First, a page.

The District 97 Board of Education has come to a consensus about how best to conduct the process of hiring a replacement for outgoing superintendent Al Roberts, who announced his retirement on Jan. 6. Roberts’s resignation will go into effect on July 1, 2015.
The district has begun the process of looking for a professional search firm to facilitate the hiring of the next superintendent. On Jan. 6, requests for qualifications (RFQ) were sent to four candidate firms – B.W.P., Hazard, Young, Attea & Assoc., Ray & Assoc., and School Exec. Connect. Responses from those firms were expected by Jan. 12.
At Tuesday’s meeting, the board opted to establish a two-person committee, comprising board vice president James Gates and member Graham Brisben, to interview the four search firms between Jan. 14 and Jan. 21.
The two will evaluate the four proposals, “having them clarify things that are very important to this board and community,” Brisben said. He noted that one of the most important factors for the board to consider is each firm’s perspective on stakeholder advisory input.
After winnowing the four firms to two finalists, the committee will draft recommendations on which the full board may, in part, base its decision to hire the search firm of its choosing. The board is scheduled to take a vote on that hire Jan. 27.
The Jan. 13 board meeting was the first time the board met since Roberts officially announced his resignation, although he had indicated earlier to the board his desire to retire.
Brisben, a logistics professional, said that, upon learning of Roberts’s decision, he tried drafting a Gantt chart, which would basically outline, in chronological order, the process for finding a replacement. However, forecasting the steps in the process necessary for recruiting, evaluating and hiring a new superintendent would be “impossible….without the benefit of the expert advice and counsel of a retained search party,” according to Brisben.
Most board members agreed that it is imperative to secure a search firm as early as possible in order to identify the best candidates.
“There is a season in [the education] field,” said board member Jim O’Connor, a career educator and school administrator. “Great people will be available earlier. I want to get into the pool…to get the highest qualified applicants,” he said.
The district will utilize the firm it hires to conduct a national search of “the best and brightest” education leaders, according to Brisben, who also mentioned that he would expect to interview the project manager from each firm who will be assigned to lead the District 97 search.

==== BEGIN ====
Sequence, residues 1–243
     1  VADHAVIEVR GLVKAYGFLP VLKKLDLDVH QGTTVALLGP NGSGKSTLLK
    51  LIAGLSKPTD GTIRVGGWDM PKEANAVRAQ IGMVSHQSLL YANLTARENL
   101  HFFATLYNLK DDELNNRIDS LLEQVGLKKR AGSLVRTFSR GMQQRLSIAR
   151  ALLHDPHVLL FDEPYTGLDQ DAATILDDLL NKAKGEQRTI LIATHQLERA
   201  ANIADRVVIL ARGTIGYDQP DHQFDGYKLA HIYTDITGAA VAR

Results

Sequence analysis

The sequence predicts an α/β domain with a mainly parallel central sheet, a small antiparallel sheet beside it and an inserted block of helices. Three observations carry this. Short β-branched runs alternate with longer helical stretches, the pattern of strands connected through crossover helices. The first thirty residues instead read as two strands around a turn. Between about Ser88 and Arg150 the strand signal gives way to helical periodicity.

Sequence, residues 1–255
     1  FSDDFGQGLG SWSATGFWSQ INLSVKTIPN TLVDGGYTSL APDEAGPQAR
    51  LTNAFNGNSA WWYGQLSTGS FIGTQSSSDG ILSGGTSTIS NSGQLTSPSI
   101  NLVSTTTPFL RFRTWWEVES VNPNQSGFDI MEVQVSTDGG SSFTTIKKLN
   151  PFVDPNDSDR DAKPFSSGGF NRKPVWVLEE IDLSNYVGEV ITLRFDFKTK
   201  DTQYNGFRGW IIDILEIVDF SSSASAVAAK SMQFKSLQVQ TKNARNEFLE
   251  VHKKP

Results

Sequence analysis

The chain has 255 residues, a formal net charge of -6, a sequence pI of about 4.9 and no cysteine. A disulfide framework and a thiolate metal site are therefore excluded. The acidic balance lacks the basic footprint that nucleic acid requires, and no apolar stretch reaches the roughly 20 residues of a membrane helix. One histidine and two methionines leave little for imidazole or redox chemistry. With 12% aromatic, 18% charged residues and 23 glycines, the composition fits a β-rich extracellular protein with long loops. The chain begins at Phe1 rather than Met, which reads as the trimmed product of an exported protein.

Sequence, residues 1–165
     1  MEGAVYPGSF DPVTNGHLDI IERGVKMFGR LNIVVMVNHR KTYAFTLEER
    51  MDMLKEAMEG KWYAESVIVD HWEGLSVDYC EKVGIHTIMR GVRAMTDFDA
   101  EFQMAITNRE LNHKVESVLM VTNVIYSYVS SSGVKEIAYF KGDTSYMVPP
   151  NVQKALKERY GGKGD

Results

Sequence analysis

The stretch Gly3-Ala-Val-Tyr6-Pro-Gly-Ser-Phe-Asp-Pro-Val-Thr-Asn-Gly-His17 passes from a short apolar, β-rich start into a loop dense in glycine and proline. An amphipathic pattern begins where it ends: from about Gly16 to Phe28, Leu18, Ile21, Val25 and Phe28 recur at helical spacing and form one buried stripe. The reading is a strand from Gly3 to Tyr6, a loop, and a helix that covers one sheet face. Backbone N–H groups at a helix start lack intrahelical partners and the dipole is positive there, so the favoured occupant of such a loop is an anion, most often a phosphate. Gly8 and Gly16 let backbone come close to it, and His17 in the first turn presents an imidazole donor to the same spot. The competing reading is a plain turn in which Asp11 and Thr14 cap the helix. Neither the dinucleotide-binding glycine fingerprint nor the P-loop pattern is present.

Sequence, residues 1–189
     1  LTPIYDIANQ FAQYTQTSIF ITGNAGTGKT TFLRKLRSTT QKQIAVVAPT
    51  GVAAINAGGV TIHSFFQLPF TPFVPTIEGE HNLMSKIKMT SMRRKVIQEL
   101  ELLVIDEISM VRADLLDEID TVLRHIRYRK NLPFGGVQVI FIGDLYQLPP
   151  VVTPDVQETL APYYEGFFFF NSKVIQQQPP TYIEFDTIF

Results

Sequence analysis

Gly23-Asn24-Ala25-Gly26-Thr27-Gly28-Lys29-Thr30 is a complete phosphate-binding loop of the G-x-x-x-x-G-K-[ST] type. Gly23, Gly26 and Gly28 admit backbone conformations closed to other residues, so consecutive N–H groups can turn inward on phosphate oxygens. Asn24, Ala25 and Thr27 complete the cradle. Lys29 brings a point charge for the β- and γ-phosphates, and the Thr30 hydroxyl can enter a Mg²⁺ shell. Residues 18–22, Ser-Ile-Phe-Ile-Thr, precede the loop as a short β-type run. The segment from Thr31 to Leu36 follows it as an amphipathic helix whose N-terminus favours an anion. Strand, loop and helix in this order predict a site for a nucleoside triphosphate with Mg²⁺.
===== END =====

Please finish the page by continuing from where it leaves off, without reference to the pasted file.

“It’s important to get the firm engaged quickly, and that the total process is started quickly, to get lots of candidates engaged,” Brisben said.
The board believes that “engaging a highly capable and experienced executive search firm will aid its efforts to find the bests candidates for this vital position,” read a statement by the board on the request for qualifications (RFQ) document.
But there was unanimous agreement that the sense of urgency brought to finding a search firm shouldn’t necessarily extend to hiring a new superintendent. Virtually the entire board agreed with member Peter Traczyk, who insisted that the search process “should happen in its natural course”—whether that comes before or after the April 7 school board elections.
“I strongly believe that getting it done right is the most important thing,” Traczyk said. “Barring passing policy, [hiring a superintendent] is the most important thing we do.”
Roberts’s retirement comes at a sensitive moment, with the terms of four board members — Traczyk, Denise Sacks, Robert Spatz and Jim O’Connor set to expire and only two – board president Spatz and O’Connor – running for reelection. However, there was unanimous agreement that the impact of the elections on the decision to hire Roberts’ replacement should take a backseat to hiring a highly qualified candidate and maintaining board cohesion.
“I’m for any process that ensures that the next board can work together as a cohesive board,” said Gates.
“Speed is not as important as quality,” Brisben said. “My motto is, ‘Hire slowly, fire quickly and don’t settle.'”
Brisben noted that a typical search process would take between six and eight weeks, which could stretch a decision out to July 1. He said that, in a compressed scenario, a hire could happen within 30 days—a scenario that doesn’t seem likely considering the board’s consensus that the hiring process be carried out slowly and deliberately.
It’s likely that the board will insist on selecting Roberts’ replacement before his retirement goes into effect, since the board was also in unanimous agreement that the hiring of an interim superintendent should only be considered as a decision of last resort.
If Roberts were to retire without a successor in place, the board would be required by state law to appoint an interim.
Roberts said that, for his part, he would welcome the opportunity to help his successor get acquainted “in any way possible.”